When you think of Rosie the Riveter, the first image that likely comes to mind is a woman with her hair pulled back in a bandana, flexing her muscles, and saying “We Can Do It!” However, this version of Rosie the Riveter, painted by J. Howard Miller, was only on display for two weeks, and few people saw it at the time. On the other hand, Norman Rockwell’s version was printed on the cover of the May 1943 edition of the Saturday Evening Post and was seen and shared by millions.
Today, Miller’s version of Rosie is very well known, having been used by many celebrities and politicians as a way to empower women and say women could do whatever they wanted. This was probably not, however, what the artist intended when creating this piece. The “We Can Do It” slogan was originally meant to refer to the United States winning World War II, not about women joining the workforce, which was something many people were uneasy about back then.
World War II was a total war, meaning that although it was mainly fought overseas, it affected the homeland and civilians significantly. During the war, many women had to step up to help support the troops, either by collecting scrap metals, buying war bonds, or perhaps most importantly, joining the workforce. Women around the nation assumed jobs that belonged to men before the war.
Despite the need for labor, most Americans were opposed to women joining the workforce during World War II. This was especially true for women with young children, since few childcare system existed back then. Many of the men who stayed in America during the war disapproved of women entering the workplace, because they feared the competition would reduce their own wages. Because of this, women were paid considerably less than their male counterparts and most of the propaganda showed non-threatening, attractive, middle-class, white women to emphasize the notion that women would only be in the workforce temporarily.
An excellent example of how many women entered the workforce could be seen in Milwaukee manufacturing companies. One of the largest of these companies, the Allis-Chalmers Manufacturing Company, had 4,700 workers, only 3 percent of which were female before the war, in 1937. However, by the end of the war, the female workforce grew to almost one-fourth of the company.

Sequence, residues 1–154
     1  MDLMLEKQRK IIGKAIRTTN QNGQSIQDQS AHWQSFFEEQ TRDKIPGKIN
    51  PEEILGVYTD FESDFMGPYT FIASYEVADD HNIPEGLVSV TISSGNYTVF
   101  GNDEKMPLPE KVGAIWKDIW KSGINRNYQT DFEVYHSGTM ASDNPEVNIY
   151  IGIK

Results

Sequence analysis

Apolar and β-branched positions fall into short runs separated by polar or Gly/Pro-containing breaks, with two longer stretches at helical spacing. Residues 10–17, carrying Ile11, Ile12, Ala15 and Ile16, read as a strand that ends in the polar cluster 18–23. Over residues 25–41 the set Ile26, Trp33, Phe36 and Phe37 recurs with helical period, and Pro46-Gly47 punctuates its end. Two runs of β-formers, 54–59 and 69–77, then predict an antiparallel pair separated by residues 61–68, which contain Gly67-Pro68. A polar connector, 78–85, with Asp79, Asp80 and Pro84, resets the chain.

Wisconsin had its own real-life “Rosie” during the war. In 1944, Rose Kaminski’s husband was drafted from Milwaukee, and she was forced to rely on her neighbor to watch her young daughter while she went to work. Rose worked several jobs, such as operating a crane for the Rex Chain Bell Company and at the Harnischfeger Corporation. Nevertheless, when the war was over, despite her newly acquired skills, she left her job and returned to the classic gender role expectation of taking care of her husband and child, just like millions of other women across the country did.
Even though there was significant controversy around women joining the workforce, the nation still wanted to honor the immense contribution of the women towards the war effort. For this reason, the most popular piece at the time was Rockwell’s Rosie, who was a muscular yet feminine riveter, shown stomping her boot on a copy of Mein Kampf. This piece highlighted the extraordinary work women did during the war and was loved by many, despite being a bit more masculine than most of the female propaganda from that time. However, after the war, Rockwell’s artwork and other similar images were mostly forgotten as women returned home to care for their children and households.
In the ‘80s, feminists needed a symbol of empowerment to help get women back into the workforce after the baby boom of the 1950s. Miller’s Rosie the Riveter was a perfect piece to communicate that message, because it brought back memories of when women, like Rose Kaminski, were in the workforce, but it did not seem as pro-war as Rockwell’s version did. The slogan “We Can Do It” was also easy to construe as one of female empowerment rather than being one to remind people of the war.
Rosie the Riveter has become a very prominent feminist symbol, and Miller’s version has become arguably the most iconic propaganda piece from that time. Even so, most people remain ignorant of the history behind the poster and the reasons for its fame. Along with symbolizing women entering the workforce during the war, it also serves as a reminder of the significance of second-wave feminism and the importance of women permanently entering the workforce.
[Source: The Conversation, Wisconsin History Highlights]